Don’t mess with Charlize van Zyl if there’s a chess board between you. At 13, she’s the youngest South African player ever to reach international chess master level.
She achieved this after her recent victory at the Zone 4.3 Individual Championships in Botswana. Charlize competed against players of all ages from other African countries and finally won the women’s category.
You get points on the world rankings list when you win matches, and after her victory Charlize had enough points to be awarded the international master title. Besides grandmaster, it’s the highest title one can achieve in chess. “I’m very pleased about the new title. But my aim is to one day be a female grandmaster,” she says.
What’s her secret? “I stay calm during a match. Everyone watching your match has a certain idea of what they think your next move should be, and that puts a lot of pressure on you.” But you learn to ignore that, Charlize says. “The more experience you’ve got the less that pressure bothers you.”
It helps that she’s got a very placid personality. “It also helps that I have a long attention span. I’m not at all hyperactive. And because I grew up playing chess, I’m used to long games.” But she’s still tired after a long match, such as one in Botswana that lasted more than five hours.
She believes she inherited her talent form her dad, Marius. He’s manager of the South African chess team and taught her to play. But she’s convinced pure talent is not enough. “’You also need passion. You must love it or there’s no point in playing chess.”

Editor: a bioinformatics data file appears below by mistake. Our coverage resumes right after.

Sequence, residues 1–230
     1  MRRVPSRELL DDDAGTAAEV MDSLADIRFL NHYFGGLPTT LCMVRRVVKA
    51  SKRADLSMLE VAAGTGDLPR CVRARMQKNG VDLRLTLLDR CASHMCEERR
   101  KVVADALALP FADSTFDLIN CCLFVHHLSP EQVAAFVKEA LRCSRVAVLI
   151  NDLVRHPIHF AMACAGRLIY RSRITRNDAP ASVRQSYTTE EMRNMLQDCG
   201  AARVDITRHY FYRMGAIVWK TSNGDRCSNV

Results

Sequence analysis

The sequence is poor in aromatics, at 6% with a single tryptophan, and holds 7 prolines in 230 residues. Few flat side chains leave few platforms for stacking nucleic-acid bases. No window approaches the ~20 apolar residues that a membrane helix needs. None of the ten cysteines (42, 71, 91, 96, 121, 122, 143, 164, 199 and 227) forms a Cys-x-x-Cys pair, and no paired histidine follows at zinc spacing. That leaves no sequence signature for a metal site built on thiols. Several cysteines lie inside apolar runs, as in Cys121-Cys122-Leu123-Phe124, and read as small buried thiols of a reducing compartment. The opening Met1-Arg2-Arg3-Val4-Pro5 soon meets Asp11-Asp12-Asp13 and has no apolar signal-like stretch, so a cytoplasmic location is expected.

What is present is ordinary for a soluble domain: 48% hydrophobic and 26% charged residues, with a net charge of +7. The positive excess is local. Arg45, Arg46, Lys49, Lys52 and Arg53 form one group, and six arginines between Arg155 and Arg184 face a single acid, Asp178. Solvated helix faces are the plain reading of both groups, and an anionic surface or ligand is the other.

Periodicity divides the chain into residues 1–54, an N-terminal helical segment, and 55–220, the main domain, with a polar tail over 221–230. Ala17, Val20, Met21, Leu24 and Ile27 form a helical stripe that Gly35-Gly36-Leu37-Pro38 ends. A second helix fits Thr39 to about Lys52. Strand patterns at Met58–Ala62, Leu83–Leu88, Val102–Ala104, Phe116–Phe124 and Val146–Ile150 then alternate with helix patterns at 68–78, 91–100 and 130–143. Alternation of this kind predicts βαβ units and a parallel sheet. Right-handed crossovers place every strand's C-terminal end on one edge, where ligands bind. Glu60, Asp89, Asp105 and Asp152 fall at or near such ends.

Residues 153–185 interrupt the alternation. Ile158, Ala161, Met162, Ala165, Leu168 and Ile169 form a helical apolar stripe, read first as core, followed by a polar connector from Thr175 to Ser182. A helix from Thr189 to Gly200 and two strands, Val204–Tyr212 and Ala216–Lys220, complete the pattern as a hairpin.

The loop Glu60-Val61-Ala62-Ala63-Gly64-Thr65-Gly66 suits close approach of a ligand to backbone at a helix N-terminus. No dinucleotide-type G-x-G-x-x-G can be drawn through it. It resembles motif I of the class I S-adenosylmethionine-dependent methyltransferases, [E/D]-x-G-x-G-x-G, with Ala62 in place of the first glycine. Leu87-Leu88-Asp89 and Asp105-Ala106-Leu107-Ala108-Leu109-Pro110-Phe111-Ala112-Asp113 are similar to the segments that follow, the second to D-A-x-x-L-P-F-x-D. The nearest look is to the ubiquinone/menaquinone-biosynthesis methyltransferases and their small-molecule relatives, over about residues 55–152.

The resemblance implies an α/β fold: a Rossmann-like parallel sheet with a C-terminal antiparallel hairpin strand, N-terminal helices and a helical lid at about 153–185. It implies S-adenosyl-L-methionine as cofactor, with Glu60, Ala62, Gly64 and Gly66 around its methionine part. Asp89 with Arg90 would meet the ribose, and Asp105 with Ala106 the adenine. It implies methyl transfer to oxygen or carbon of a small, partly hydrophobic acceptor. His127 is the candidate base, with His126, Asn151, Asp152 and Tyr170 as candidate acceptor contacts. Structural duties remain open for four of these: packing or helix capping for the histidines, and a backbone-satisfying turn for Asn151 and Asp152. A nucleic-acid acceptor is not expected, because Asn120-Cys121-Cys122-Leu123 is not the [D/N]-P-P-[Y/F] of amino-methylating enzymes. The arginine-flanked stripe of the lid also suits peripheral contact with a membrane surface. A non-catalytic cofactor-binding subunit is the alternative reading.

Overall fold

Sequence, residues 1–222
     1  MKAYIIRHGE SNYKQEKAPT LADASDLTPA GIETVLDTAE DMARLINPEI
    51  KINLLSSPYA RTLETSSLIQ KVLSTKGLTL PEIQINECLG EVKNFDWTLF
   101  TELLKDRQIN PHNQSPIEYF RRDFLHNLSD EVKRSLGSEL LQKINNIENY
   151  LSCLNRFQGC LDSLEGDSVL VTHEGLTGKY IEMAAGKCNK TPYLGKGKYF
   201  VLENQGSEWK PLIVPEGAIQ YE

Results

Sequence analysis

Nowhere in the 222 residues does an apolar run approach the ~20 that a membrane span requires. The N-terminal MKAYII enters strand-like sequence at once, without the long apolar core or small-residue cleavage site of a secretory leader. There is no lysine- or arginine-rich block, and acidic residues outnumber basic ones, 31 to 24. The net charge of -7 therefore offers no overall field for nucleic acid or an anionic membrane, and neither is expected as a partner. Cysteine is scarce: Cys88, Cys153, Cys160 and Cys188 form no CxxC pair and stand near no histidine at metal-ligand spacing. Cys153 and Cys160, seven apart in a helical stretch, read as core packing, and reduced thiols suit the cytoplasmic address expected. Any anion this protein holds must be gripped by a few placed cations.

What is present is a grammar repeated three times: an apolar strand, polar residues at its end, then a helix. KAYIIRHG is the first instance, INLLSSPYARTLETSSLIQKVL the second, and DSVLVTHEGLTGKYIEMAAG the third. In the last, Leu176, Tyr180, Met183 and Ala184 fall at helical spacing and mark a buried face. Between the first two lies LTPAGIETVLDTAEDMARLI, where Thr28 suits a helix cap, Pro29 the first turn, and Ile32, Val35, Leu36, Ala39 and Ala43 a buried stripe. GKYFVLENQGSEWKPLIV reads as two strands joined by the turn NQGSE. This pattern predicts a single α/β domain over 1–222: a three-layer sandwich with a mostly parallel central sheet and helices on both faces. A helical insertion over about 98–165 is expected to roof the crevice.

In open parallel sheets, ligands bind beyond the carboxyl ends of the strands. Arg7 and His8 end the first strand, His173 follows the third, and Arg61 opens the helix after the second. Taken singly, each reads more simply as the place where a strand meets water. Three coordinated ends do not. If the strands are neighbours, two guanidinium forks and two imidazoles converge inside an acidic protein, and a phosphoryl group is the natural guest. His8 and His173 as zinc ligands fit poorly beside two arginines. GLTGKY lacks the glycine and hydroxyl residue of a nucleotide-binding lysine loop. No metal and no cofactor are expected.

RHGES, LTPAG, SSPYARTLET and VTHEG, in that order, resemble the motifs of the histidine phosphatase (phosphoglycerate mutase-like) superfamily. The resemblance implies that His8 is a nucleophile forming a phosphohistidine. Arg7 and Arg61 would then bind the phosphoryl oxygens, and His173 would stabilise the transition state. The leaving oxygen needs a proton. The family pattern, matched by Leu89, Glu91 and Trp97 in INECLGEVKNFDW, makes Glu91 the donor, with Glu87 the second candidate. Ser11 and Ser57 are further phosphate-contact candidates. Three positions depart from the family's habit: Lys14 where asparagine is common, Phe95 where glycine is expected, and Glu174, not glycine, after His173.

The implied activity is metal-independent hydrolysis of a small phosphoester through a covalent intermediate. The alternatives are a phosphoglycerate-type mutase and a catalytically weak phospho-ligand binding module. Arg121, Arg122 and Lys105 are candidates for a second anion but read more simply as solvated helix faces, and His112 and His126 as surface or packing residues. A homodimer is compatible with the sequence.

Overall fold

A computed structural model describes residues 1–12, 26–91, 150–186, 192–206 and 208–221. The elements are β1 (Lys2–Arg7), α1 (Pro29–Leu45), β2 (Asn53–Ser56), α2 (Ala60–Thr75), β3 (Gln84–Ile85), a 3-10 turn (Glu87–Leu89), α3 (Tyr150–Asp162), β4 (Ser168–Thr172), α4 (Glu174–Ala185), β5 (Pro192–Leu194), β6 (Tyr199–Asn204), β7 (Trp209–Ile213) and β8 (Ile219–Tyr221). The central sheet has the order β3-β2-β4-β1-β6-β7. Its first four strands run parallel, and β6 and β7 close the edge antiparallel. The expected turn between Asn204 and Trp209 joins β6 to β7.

She usually practises three days a week after she’s met her other school commitments, and spends most weekends at tournaments. She’s coached by Argentinian Grandmaster Pablo Lafuente, who’s living in South Africa and gives her lessons twice a week, as well as attending most of her tournaments.
But chess isn’t the only thing that keeps the Grade 8 learner at Collegiate Girls’ High School in Port Elizabeth busy. She also plays hockey, swims and plays the flute. When she’s not involved in one of her many extramural activities, she does “normal teenage things” such as watching TV and hanging out with her friends. Charlize also loves reading, and her favourite book is The Hunger Games.
She enjoys outmanoeuvring her opponents on the chess board. “People often underestimate me, probably because of my age. But that’s the great thing about chess: don’t underestimate me because there’s a good chance I could beat you.”